Permission to leave Sudan remains unclear

(Wedding photo of Meriam Ibrahim and Daniel Wani, courtesy Daniel Wani)

(Wedding photo of Meriam Ibrahim and Daniel Wani, courtesy Daniel Wani)

Sudan (WWM/MNN) — Conflicting reports have emerged regarding the current status of Sudan’s “death-row mother” Meriam Ibrahim’s lack of freedom to leave Khartoum for a new life with her husband and children in America.

On July 17, Reuters reported that the lawsuit brought by Ibrahim’s Sudanese Muslim father was dropped. The lawyer handling the case said this move could allow her to depart for the United States, where her husband Daniel Wani is a dual U.S. citizen.

Then Sudan Tribune reported on July 18 that Ibrahim’s family filed another lawsuit, this time seeking to annul her marriage to her Christian husband. This is a another attempt to keep her from leaving Sudan, and an annulment of Wani and Ibrahim’s marriage would also mean the children would not be legally recognized as Wani’s children.

Early last week, Ibrahim’s family filed a lawsuit seeking to prove the biological link between Ibrahim and her Muslim father, but the suit was dropped without explanation by the family. A lawyer, Abdel Rahman Malek, acting on their behalf told Reuters news agency: “We are no longer proceeding with the lawsuit,” but he declined to give any reason.

The first scheduled hearing of the case would have been Thursday July 17 at the Khartoum Family Court.

The U.S. Department of State told World Watch Monitor that “the Government of Sudan has assured us of the family’s continued safety. It went on to say in an e-mail, ‘The Department of Homeland Security has informed us that Ms. Ishag [Meriam Ibrahim] and her children have all the documents they need to enter the United States as soon as the Government of Sudan allows them to exit the country.'”

Relatives of Meriam originally accused her of adultery by marrying a Christian.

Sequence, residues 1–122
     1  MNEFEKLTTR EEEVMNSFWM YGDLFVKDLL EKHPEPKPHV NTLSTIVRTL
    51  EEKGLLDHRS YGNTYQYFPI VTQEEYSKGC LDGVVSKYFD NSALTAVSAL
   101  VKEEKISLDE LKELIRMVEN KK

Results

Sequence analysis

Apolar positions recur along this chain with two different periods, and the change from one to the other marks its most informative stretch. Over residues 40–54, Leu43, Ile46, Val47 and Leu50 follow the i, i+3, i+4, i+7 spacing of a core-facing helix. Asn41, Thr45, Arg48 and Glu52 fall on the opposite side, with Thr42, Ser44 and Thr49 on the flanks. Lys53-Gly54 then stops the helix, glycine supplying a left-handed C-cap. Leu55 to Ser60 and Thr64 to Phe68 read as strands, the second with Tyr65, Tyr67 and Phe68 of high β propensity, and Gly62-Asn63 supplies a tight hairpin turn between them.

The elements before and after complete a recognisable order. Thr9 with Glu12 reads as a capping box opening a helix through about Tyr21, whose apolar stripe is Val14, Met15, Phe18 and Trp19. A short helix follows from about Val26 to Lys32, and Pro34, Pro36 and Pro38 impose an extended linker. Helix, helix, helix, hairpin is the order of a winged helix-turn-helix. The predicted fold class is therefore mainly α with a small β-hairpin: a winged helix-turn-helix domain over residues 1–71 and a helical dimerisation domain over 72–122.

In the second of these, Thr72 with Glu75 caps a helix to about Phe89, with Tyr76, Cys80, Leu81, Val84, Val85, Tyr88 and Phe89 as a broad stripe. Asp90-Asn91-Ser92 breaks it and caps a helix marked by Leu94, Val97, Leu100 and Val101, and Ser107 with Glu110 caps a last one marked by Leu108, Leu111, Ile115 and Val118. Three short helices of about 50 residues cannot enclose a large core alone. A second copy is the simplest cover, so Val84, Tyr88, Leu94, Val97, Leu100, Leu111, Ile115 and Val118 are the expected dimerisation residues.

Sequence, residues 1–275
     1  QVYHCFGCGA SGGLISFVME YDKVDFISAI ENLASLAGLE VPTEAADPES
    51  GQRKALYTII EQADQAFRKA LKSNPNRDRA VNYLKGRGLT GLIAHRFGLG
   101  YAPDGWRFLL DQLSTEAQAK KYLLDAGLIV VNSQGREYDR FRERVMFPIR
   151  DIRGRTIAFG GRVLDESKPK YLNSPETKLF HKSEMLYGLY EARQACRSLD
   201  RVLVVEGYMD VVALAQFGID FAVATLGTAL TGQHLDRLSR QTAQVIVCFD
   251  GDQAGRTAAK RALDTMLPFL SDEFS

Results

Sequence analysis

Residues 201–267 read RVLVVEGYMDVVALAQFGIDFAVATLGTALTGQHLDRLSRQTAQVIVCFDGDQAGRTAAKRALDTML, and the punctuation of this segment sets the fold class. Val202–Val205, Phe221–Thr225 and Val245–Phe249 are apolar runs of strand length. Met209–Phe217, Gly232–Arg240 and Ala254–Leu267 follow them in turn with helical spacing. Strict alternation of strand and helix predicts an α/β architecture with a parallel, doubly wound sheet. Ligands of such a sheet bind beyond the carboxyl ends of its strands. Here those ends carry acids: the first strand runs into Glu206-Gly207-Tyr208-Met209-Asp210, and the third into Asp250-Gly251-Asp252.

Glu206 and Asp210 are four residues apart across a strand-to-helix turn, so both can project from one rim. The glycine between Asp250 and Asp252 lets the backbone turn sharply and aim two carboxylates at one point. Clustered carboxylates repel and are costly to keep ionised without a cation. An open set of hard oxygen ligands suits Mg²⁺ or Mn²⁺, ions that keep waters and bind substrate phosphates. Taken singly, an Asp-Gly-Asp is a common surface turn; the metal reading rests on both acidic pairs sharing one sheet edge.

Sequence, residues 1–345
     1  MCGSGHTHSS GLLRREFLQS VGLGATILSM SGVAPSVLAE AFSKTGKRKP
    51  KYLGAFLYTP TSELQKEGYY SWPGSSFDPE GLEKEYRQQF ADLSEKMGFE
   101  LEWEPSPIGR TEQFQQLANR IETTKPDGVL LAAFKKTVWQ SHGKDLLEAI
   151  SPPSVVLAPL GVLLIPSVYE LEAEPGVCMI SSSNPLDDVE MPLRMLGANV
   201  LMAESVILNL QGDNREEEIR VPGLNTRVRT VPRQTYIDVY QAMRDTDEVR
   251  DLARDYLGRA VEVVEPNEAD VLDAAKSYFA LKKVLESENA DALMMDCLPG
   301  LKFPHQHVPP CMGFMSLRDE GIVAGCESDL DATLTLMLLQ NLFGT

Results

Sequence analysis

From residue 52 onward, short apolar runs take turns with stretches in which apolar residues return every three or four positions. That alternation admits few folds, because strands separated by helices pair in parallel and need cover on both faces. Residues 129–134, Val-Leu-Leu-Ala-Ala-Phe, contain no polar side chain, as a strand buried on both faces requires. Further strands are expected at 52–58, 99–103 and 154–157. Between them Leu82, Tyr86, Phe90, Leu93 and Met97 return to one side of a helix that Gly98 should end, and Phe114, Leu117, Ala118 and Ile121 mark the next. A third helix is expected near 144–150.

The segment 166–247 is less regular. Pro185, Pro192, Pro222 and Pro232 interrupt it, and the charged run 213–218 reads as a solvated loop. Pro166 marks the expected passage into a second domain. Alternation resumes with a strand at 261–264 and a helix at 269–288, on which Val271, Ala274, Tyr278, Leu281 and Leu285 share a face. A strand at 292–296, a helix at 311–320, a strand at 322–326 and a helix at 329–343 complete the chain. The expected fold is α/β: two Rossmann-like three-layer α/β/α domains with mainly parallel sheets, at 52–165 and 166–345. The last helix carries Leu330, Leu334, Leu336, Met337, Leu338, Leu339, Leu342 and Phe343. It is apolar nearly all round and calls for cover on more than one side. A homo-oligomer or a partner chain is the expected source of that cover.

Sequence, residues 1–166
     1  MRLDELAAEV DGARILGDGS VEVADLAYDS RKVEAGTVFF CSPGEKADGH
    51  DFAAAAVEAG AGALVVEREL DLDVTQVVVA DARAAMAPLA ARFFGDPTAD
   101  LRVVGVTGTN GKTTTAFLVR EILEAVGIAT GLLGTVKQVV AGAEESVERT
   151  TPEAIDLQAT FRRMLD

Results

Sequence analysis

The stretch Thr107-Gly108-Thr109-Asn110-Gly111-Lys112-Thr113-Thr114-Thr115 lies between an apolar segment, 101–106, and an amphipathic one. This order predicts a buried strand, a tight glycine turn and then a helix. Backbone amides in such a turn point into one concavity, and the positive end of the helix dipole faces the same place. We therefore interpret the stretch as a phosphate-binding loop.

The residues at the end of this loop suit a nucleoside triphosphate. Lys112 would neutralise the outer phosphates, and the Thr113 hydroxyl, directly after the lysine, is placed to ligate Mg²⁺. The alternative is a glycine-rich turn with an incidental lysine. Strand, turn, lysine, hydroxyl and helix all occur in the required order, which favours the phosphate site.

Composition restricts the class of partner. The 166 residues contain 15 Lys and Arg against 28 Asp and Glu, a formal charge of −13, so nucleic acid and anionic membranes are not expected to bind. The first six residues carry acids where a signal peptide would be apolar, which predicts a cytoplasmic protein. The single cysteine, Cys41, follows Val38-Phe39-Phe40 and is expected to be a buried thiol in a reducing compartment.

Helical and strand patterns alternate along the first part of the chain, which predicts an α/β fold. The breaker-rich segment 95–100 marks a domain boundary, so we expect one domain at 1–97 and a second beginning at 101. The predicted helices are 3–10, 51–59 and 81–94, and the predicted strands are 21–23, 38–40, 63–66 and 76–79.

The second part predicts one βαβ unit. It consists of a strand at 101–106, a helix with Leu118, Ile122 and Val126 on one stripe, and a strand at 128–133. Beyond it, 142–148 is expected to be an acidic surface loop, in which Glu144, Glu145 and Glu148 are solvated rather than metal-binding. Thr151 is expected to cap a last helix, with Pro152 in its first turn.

WWM has several times reported the story of her death sentence from the court in Khartoum and its world-wide condemnation; we have also highlighted the general plight of Sudan’s Christians.

Ibrahim’s harrowing journey began with arrest in September 2013 before being found guilty of apostasy, sentenced to hang, and then giving birth to her second child while imprisoned. She was finally freed on 26 June 2014 and is now staying at the U.S. Embassy in Khartoum.

Meriam and her family are living in a makeshift home sleeping on four camp beds in the Embassy’s library. Despite these cramped conditions, her stay has prevented the Sudanese court serving papers, which could have contributed to the breakdown of the latest case against her.

The Sudanese government does not appear to have formally dropped its accusation of “incorrect travel documents.” Ibrahim is a Sudanese citizen, but the U.S. Embassy assisted her efforts to try to leave Khartoum using South Sudanese travel papers. Ibrahim was allowed to leave police custody after a brief detention on June 26 over the alleged ‘”forged” papers.

Further good news for Meriam’s family was recently reported by the UK’s Daily Mail: her baby girl was not injured, despite being born while her mother was shackled to the floor.

Meriam, herself a doctor, feared that being constrained during birth could cause irreparable damage to her daughter, Maya. It was feared that, like her father, Daniel, who has muscular dystrophy, she might not be able to walk. An ultrasound in the coming weeks is hoped to give Maya the all clear.

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Pray for Meriam’s new family with her Christian husband, as well as for her Muslim family.